WE CAN BECOME ANGRY
Jonah is in all of us. When God does or doesn’t do things as we believe He should, we can become angry with Him. Jonah is like the older brother in the parable of The Prodigal Son who is angry that his father celebrated the return of his sinful brother; likewise, we can become angry and judgemental when wicked people receive complete justification in Christ. We can become proud and disdainful if we are not careful to remember that, like Jonah, we have also run away from God in many ways!
LEARN TO APPLY GOD’S GRACE
We learn from Jonah that understanding Godʼs grace—and being changed by
it—always requires a long journey with successive stages. It cannot happen
in a single cathartic or catastrophic experience (like being swallowed by a
fish!). If we really want to reach others with the good news of Jesus, then we need to love those we want to reach. And to do that we really need to examine where our
true heart lies every day!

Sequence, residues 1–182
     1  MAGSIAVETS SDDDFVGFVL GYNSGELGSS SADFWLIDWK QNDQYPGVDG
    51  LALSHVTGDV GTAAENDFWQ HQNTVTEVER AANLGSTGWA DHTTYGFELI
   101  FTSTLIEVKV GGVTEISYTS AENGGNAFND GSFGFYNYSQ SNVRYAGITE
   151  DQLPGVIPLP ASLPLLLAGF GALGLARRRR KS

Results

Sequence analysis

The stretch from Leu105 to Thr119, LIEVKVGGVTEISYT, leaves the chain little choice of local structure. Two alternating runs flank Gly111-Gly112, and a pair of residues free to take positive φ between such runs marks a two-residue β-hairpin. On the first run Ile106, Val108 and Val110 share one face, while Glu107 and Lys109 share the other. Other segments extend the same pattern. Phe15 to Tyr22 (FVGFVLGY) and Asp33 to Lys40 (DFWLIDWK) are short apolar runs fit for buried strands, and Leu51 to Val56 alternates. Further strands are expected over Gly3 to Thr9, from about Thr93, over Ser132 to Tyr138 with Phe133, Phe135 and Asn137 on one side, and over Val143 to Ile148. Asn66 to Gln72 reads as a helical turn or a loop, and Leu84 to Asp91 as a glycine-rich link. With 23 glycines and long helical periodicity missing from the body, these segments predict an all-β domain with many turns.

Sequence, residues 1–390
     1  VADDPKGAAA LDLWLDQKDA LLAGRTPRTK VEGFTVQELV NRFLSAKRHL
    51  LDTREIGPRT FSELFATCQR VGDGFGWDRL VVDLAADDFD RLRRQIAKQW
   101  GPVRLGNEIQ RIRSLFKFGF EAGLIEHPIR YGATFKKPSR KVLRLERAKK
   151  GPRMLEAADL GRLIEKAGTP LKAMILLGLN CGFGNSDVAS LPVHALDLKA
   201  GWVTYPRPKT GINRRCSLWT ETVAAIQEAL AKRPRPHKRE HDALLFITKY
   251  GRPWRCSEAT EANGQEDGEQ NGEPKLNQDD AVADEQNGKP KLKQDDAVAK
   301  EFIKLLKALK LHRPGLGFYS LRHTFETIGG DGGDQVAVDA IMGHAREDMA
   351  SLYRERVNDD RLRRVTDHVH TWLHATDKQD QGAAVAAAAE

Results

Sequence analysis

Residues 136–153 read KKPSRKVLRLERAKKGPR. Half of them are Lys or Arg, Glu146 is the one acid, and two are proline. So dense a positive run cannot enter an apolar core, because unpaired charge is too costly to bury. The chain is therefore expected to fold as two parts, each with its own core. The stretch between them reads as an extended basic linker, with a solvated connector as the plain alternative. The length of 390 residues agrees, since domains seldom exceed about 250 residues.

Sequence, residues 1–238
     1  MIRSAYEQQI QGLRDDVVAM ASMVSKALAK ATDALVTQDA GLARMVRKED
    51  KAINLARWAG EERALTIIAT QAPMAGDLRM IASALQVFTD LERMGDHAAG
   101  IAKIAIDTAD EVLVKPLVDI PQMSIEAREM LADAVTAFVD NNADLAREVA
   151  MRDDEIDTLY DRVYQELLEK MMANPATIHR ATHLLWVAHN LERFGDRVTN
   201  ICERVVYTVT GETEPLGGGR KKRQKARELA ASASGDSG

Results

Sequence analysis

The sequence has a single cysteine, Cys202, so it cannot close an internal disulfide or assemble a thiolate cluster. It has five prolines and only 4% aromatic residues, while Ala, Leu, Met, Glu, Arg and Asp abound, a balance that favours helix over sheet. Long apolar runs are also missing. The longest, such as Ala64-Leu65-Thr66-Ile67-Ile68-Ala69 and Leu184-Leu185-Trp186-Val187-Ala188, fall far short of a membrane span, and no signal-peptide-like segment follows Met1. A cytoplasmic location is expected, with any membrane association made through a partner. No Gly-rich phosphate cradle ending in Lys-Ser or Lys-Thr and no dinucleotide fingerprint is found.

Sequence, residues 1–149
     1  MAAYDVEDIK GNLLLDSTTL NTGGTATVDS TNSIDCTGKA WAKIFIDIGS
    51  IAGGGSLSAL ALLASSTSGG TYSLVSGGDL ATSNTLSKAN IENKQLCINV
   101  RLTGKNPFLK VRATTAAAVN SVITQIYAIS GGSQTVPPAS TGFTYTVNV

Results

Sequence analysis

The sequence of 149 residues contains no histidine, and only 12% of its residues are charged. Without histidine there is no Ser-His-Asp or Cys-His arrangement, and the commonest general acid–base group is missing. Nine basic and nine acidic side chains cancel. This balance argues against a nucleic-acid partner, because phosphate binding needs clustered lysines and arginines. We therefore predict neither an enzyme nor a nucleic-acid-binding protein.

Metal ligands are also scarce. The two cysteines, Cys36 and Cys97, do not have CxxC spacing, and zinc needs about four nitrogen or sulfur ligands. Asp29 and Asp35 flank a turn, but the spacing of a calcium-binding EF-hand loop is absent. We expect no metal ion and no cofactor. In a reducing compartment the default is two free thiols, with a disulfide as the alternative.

Why was Jonah angry?
When are you tempted to get angry with God and how do you deal with this?
How do you seek to remember the gospel each day so as to remain merciful and humble?
How have you Served, Invested and Invited in your communities this week? (Let’s share about this again next week)
How have you got on with making a list and praying for your non-believing friends each day? (Let’s share about this again next week)
Let’s now pray for specific people that God has put on your heart and in your life.
Let’s pray for each other that the Spirit would fill us with His resurrection power so as to be compassionate and courageous this week.
Let’s pray for Funky Monkeys this week.